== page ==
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Holidays offer chances to squeeze in exercise

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There are less than 10 days between now and Thanksgiving Day. So, ready or not, the holiday season is upon us. It is a great time of the year to enjoy family and friends, but all of the social activities on top of our usual demands can present challenges to staying healthy.

Additional obligations and time constraints can increase stress levels and reduce opportunities for stress release unless we have a prevention plan. It is all too easy to let daily exercise and healthful eating take a back seat to everything else.

QUESTION: Are there any significant consequences to disrupting routine exercise and food habits for the six-week holiday season at the end of the year?

ANSWER: The consequences depend both on a person’s present exercise and eating routines and their current health status. However, it is a common time of the year to gain weight. A 10-pound weight gain is not unusual for some people. Perhaps half of that will be lost in January, but a yearly 5-pound net weight gain can build over the years. In a decade, that’s a 50-pound gain that can greatly increase health risks.

Q: What are some good ways to fit exercise into holiday routines?

A: Although it is great to have large blocks of time to get in a good workout, exercise benefits can come from more frequent small bouts of activity. Consider taking advantage of the "run around" aspect of the holidays.

One way to do this is to get a pedometer and track how many steps you are walking daily. It is generally considered that 10,000 steps equal about 5 miles of walking. This may actually be a reasonable substitute for your usual exercise routine. For some of us, it might even be an improvement.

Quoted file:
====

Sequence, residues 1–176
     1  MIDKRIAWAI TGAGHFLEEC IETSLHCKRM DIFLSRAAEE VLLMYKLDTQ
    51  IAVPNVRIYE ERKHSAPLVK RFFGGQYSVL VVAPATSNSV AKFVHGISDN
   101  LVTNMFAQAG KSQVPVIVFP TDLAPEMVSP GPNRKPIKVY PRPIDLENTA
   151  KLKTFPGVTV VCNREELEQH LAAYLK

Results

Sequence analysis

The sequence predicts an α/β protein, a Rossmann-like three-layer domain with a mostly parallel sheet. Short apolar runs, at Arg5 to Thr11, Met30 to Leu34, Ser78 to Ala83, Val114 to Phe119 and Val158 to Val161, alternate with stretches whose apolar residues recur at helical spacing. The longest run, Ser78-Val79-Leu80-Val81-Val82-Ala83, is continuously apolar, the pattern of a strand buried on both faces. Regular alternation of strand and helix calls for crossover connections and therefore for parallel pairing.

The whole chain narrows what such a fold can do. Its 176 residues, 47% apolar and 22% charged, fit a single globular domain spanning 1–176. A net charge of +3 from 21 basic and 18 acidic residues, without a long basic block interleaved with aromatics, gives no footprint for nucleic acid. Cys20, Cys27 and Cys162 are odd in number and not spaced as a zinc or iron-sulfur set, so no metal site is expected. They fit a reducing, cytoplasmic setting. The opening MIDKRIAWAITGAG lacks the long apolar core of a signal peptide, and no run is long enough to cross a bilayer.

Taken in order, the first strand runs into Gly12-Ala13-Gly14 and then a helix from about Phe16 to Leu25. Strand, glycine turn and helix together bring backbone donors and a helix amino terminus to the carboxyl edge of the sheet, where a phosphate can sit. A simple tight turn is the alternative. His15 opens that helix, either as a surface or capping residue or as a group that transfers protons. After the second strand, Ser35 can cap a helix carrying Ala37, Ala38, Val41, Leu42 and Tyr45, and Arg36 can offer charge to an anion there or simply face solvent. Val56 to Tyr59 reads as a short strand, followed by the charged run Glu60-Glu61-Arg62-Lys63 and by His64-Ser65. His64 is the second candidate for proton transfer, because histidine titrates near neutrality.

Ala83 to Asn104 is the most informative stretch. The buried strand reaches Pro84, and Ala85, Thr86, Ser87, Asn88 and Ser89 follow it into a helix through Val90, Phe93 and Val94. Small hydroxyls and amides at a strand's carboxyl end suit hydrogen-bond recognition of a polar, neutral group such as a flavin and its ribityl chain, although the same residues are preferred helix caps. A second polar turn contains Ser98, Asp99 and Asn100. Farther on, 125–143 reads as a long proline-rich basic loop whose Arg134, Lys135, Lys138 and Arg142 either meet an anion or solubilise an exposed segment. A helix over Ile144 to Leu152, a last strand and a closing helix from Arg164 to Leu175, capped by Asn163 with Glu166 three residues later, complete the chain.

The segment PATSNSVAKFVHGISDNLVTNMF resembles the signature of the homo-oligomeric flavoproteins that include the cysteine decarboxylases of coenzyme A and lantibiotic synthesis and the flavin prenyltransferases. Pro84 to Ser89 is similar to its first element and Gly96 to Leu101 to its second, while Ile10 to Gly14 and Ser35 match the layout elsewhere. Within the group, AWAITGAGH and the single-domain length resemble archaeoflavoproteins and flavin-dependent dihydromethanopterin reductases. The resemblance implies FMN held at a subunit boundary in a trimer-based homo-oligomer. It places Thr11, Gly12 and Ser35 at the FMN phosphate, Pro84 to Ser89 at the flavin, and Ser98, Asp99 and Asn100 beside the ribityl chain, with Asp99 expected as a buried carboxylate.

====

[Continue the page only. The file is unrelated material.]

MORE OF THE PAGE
Your pedometer reading can serve as a simple guide to help you decide to park a bit farther from the store and even decide that you should window shop a bit longer to get in your walking while fitting in holiday shopping.

By the way, 10,000 steps also are considered the number of steps needed in successful weight-loss programs. So getting into the step routine can be used all year to help maintain a healthy exercise routine.

Also, bear in mind that shopping can burn a significant amount of extra calories that can be considered exercise. Standing in line requires about twice the calories of lying on the couch and walking briskly burns about twice as many calories as standing in line. A two-hour shopping spree can be a significant workout if approached with vigor. Along with the mall walking, stair-stepping opportunities can briefly up the intensity and offer a fitness boost when included in the shop-a-thon.

Q: What are the most important principles to remember about nutrition during these busy days?

A: Consuming all of your essential nutrients doesn’t change just because you are busy. To maintain health, eat a good balance of a variety of foods and don’t let the goodies edge out a balanced diet.

Q: How can a person maintain a healthy diet when there is little time to prepare foods at home?

A: Holidays or not, this is often a bit of a challenge. But it just comes down to keeping the foundation of your eating balanced across the major food groups along with moderate enjoyment of those special seasonal treats.

So, it is possible to fit goodies into a healthful diet and it is possible to stay active during the holidays. Approach the season with vigor and give yourself the gift of health.

Joannie Dobbs, Ph.D., C.N.S., and Alan Titchenal, Ph.D., C.N.S., are nutritionists in the Department of Human Nutrition, Food and Animal Sciences, College of Tropical Agriculture and Human Resources, University of Hawaii-Manoa. Dobbs also works with University Health Services.
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